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Body-building obsessed UCA Epsom student Sarmad Alladin killed by deadly DNP tablets
A "charming and confident" teenager accidentally killed himself after taking deadly body-building tablets so he could join the Indian rugby team, an inquest has heard.
Sarmad Alladin, 18, an Art and Design student at Epsom’s University for the Creative Arts (UCA) who lived in Wilberforce Court on its campus, died in Epsom Hospital last February after taking DNP - a fat-burning drug which he bought over the internet from an unknown source.
Woking Coroners’ Court, sitting today, April 28, heard that Mr Alladin, the son of an Indian millionaire originally from Hyderabad, failed to turn up to many classes and had made body-building "the main aim in his life".
Mr Alladin called 999 at 3.25am on February 13 last year, saying he had stomach pains and a high temperature.
An ambulance took him to Epsom Hospital, where he died at 6.20am.
Speaking of the written evidence of a paramedic who was in the ambulance with Mr Alladin, Coroner Michael Burgess OBE said: "The deceased admitted taking DNP to lose weight, purchased from the internet."
Police found pots of pills and tablets in his room - including DNP - as well as clean and used needles and many different supplements.
Dr Ali Alhakim, who conducted a post-mortem on Mr Alladin’s body, said his death was caused by the taking of DNP.
Toxicology tests found there was 201mg per litre of DNP in his blood - "a high concentration".
Dr Alhakim said that Mr Alladin was not grossly muscular, but he had stretch marks on his shoulders, chest and his back - suggesting a recent increase in muscle mass beneath the skin.
He said: "The changes that led to death are all acute. I’m not sure how long he was taking these drugs for."
Mr Alladin, whose family did not attend the inquest into his death, started at UCA Epsom in October 2012. Before this, he had attended the independent King’s School, Rochester, and a college in Cambridge.
Daniel James, who studied with Mr Alladin in Rochester and Epsom, said that keeping in good physical shape became "the main aim in his life" when he started at UCA.
He added: "I’m not sure anyone knew him that much. He never really spoke about his parents or family."
Mr James said Mr Alladin spoke of taking DNP but gave the impression that he "knew what he was doing".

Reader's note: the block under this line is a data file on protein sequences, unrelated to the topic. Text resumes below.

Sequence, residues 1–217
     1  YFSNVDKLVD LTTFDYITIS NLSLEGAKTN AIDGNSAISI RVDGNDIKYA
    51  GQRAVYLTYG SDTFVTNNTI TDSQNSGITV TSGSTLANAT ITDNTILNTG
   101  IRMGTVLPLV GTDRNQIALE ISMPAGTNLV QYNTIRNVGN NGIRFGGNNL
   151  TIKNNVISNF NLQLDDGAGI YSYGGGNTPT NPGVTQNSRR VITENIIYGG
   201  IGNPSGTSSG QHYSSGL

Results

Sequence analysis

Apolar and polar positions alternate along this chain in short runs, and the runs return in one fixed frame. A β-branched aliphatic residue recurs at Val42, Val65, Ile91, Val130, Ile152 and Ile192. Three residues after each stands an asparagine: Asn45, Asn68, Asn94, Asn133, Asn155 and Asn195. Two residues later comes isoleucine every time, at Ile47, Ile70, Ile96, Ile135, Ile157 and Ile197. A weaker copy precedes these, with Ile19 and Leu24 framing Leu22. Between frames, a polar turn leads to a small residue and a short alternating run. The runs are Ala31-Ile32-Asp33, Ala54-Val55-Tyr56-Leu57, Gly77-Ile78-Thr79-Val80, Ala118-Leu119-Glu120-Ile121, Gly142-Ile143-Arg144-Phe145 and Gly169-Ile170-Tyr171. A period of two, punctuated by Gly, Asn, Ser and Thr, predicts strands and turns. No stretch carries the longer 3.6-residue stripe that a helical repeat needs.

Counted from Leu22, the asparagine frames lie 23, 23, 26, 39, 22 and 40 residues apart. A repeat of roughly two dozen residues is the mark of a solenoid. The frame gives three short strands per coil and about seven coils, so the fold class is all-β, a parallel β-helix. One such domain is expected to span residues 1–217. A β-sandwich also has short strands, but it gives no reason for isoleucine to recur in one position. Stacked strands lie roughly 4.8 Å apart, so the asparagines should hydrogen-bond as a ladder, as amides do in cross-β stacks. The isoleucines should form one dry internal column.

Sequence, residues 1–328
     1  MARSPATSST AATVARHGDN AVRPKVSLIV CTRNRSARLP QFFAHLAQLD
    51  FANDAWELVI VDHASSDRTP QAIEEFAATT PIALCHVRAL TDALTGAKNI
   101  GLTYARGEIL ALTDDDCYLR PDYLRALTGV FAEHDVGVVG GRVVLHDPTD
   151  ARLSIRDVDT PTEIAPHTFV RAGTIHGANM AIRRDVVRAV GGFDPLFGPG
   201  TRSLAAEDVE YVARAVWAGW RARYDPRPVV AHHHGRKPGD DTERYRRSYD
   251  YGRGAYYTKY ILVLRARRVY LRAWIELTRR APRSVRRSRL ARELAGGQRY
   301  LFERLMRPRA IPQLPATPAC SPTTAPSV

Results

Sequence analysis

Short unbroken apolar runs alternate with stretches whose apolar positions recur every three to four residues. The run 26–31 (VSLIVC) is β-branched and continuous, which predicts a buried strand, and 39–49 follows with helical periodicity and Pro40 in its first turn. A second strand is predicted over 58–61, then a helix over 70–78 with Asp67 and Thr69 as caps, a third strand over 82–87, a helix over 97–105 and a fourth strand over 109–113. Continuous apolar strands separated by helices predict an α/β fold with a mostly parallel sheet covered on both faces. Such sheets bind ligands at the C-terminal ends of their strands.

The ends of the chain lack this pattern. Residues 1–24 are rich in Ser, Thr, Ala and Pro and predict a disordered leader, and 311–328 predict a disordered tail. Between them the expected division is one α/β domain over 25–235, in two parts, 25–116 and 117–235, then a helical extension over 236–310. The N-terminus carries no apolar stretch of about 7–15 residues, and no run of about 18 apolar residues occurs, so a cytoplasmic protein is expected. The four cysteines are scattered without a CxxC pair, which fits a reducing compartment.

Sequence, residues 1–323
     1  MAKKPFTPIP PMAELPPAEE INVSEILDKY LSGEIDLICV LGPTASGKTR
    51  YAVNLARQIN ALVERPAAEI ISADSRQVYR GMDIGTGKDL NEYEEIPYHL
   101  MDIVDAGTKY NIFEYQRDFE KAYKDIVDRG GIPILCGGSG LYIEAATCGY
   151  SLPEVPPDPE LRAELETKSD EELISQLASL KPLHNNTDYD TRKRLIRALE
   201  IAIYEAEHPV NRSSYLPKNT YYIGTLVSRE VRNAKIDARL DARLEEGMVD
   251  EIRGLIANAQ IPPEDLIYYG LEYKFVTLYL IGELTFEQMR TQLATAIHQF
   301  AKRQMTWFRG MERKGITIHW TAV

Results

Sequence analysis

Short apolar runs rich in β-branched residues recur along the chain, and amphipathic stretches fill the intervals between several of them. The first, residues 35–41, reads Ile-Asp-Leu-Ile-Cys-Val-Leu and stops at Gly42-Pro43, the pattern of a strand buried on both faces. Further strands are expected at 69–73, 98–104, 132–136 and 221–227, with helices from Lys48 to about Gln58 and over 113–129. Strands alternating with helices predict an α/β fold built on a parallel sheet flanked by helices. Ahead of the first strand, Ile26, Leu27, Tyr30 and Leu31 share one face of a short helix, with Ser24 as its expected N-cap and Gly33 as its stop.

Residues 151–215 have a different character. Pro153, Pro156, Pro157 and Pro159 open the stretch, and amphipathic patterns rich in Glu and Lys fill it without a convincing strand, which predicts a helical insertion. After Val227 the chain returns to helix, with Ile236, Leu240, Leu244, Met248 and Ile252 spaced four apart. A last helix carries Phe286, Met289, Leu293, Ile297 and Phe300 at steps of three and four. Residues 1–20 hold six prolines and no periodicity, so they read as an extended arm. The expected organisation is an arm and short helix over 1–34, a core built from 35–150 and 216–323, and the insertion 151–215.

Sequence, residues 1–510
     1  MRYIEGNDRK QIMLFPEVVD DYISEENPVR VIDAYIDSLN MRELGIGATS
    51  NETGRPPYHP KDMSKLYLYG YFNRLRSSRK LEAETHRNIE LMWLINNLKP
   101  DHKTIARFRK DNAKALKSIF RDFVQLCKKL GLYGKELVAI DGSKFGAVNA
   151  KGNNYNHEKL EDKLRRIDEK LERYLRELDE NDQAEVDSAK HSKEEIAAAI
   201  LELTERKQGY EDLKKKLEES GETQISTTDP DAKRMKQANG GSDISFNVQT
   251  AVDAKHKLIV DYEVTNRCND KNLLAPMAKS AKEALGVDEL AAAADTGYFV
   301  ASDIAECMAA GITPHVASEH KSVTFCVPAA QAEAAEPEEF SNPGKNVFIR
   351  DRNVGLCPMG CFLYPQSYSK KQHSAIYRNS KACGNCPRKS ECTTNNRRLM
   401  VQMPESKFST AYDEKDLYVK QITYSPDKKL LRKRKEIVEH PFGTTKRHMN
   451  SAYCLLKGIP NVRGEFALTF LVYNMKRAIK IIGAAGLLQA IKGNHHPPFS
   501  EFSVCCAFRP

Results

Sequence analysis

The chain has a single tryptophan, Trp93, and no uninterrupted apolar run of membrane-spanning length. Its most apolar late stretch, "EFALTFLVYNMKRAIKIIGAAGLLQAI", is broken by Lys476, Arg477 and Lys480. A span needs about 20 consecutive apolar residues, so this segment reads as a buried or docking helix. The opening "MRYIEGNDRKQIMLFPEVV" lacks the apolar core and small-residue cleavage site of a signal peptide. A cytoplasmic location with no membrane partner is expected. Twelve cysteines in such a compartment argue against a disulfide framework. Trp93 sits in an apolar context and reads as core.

Mr Alladin had posters of body-builders up on his bedroom wall at UCA Epsom - including one of Arnold Schwarznegger.
His GPs said they were concerned with his body-building.
Dr Jenny Newell, a GP at Cambridge, saw a "pumped up" Mr Alladin nine months before his death.
She said: "I was alarmed by the number of medications he had in his possession. He had ordered various things over the internet.
"I told him what he was doing was stupid and dangerous but he was resolute in his belief that these were necessary to get him into the Indian rugby team."
She said he had "tons and tons of stuff" including serums from India to inject into his body and that his death "wasn’t a surprise to me".
His GP in Epsom, Dr Nigel McKee, described him as "a charming young man who knew about various drugs and was quite engaging".
He said it was clear that he was taking body-building drugs and supplements.
Dr McKee added: "There was quite a lot of talk about how he was a disappointment to his family and he implied his father was a body-builder and he wanted to emulate him.
"It was implied that his father or a friend of his father helped him to get these drugs."
Dr Simon Olfield-Kerr, vice-chancellor of UCA, said all students were issued with a warning about the drug on the day Mr Alladin died and said there was no evidence other students were using it.
Asked whether UCA Epsom could have done more to stop the use of such a drug, he said: "I don’t think it’s in our powers to stop him.
"We have a duty of care position that it’s our responsibility to advise them on the risks these drugs entail.
"There is an absolute point when they become 18 and are adults."
David Campbell, a drug liaison officer at Surrey Police, said that in his 35 years in the role this was the first time he had ever come across DNP.
He said: "DNP was an explosive used in the First World War.
"It can come in various guises. In powder form it is very volatile and dangerous.
"It can be mixed with a solution and taken orally or injected. The common form is a tablet which we believe it was in this case."
Giving his verdict, Mr Burgess said: "His death was due to accident. The unintentional consequences of an action that he initiated himself."
In January, the families of another two young people who died after taking DNP called for it to be made a class C drug to criminalise its possession and supply.
At least four other people have died in the 18 months in the UK after taking DNP.
DNP is commonly sold over the internet and marketed at body-builders as a way to lose weight by dramatically boosting their metabolism.
The Food Standards Agency has issued urgent advice to the public in the past, particularly the body-building community, about consuming pills or powder containing any DNP - which it described as "an industrial chemical known to have serious short-term and long-term effects, which can be extremely dangerous to human health".
It published the warning in November 2012 following the deaths of two people believed to have taken the fat-burner substances.
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